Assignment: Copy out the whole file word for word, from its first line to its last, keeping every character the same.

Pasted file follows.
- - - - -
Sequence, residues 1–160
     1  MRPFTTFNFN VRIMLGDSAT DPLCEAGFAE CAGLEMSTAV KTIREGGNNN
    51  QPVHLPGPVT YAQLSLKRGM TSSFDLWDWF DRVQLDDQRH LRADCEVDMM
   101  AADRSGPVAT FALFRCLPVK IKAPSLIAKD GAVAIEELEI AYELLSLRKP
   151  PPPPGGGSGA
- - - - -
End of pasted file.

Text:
Sequence, residues 1–160
     1  MRPFTTFNFN VRIMLGDSAT DPLCEAGFAE CAGLEMSTAV KTIREGGNNN
    51  QPVHLPGPVT YAQLSLKRGM TSSFDLWDWF DRVQLDDQRH LRADCEVDMM
   101  AADRSGPVAT FALFRCLPVK IKAPSLIAKD GAVAIEELEI AYELLSLRKP
   151  PPPPGGGSGA